While years of teamwork in the trenches can’t be easily replaced, quick camaraderie can be found by collectively free falling into a competitive run without much warning. We were called to arrive on Charles Street between Boston Common and the Public Garden for a 7:15 p.m. start. The race actually began earlier that morning for us. In the office after receiving shirts and racing tags, there was a heightened sense of imminent exhaustion, but the intensity with which we refused to be bothered by the challenge also increased. (read more)

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Despite Little Revenue, News Organizations Bet on Video
By Janco Damas

Scott LaPierre, a multimedia editor and video journalist for the Boston Globe, is busy planning for a future where more news is being consumed in visual formats. Although companies such as Pixability are sprouting up to help companies advertise in videos, video as a vehicle for advertising remains barely tapped producing just, 10 percent of all digital ad revenue according to a 2014 study by the Pew Center.  (read more)

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How to Build a Skyscraper Expeditiously
By Janco Damas

Last week, Boston’s newest skyscraper “topped off.” The crew at that time had erected the tallest point of the construction.The feat comes two years since the very day construction broke ground on September 17, 2013. At the ground breaking commencement then-mayor Thomas M. Menino, with developers and a sizable crowd, watched as confetti fell in celebration. Mayor Menino concluded his term on January 6, 2014 after two decades in office. Menino died October 30, 2014 at the age of 71. He had advocated strongly for the construction of the Millennium Towers particularly as the old Filene’s site lay fallow in 2008. (read more)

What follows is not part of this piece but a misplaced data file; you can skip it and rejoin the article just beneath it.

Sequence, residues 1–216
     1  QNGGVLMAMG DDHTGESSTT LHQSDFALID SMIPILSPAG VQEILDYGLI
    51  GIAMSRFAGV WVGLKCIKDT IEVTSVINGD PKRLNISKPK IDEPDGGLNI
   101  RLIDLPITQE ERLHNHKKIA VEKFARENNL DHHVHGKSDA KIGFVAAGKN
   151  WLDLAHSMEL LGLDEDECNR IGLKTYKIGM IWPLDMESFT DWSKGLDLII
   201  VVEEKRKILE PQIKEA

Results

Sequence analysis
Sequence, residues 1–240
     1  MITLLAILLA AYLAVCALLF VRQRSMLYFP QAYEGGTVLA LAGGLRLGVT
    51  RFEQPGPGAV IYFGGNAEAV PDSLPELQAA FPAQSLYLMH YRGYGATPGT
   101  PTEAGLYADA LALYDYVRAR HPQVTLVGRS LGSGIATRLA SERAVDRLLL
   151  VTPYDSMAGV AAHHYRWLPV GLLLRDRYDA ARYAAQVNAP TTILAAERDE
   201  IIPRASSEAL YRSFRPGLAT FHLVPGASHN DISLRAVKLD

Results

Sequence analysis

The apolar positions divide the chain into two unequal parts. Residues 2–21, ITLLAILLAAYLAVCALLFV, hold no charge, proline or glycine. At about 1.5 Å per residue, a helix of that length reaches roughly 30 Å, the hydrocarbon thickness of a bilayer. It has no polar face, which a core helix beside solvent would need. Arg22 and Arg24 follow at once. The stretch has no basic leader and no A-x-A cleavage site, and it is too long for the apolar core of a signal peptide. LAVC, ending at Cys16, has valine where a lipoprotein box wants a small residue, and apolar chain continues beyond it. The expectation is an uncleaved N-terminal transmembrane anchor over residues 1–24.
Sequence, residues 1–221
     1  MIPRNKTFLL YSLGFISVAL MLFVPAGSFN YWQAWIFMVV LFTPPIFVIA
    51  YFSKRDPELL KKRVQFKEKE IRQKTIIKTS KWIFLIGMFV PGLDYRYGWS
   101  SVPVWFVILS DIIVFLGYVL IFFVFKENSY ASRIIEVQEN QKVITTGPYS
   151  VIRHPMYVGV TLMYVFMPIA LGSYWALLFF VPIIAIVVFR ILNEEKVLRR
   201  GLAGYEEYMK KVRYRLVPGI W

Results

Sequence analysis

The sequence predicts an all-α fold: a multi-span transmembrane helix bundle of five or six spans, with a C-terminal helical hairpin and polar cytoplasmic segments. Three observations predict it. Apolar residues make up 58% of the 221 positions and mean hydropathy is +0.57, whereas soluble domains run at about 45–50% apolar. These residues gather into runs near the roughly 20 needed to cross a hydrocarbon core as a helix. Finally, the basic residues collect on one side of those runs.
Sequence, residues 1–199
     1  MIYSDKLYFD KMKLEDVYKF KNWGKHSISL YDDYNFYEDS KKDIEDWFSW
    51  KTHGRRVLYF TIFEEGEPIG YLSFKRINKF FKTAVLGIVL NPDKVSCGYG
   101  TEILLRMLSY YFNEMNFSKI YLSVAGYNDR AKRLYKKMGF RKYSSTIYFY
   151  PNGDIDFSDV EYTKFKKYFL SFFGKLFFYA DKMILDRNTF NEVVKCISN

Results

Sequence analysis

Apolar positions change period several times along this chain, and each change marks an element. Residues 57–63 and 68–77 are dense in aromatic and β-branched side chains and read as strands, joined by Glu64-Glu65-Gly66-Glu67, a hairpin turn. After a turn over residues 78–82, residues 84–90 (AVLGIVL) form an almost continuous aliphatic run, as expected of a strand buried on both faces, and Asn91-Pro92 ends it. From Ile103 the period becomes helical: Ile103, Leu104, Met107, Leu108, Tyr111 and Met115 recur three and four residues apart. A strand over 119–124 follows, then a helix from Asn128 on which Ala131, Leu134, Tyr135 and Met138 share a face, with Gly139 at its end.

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To build a protein shake machine requires one part protein, several parts grit
By Janco Damas

Jayme Olaughlin had an idea.  The idea was to help gym goers maximize their workouts with a premium protein shake.  When prompted by a customer the machine adds fresh protein powder atop cold water in a single use cup with lid which then can be shaken to mix.protein powderthe machine adds fresh protein powder atop cold water in a single use cup with lidMany of us have had disruptive ideas of a similar type, but how many of those ideas survive the long haul to implementation? (read more)

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Energy conference sheds light on need for back end software solutions
By Janco Damas

Energy has been a hot area for graduates of the last 10 years.  Particular areas of interest at the conference were consumer facing technologies and back end software systems for utilities.  There was a good mix of nascent technology still under development alongside proven solutions already in the market.  Salient themes in the conference were “old” working with “new” and “big” working with “small” towards modern energy systems.  (read more)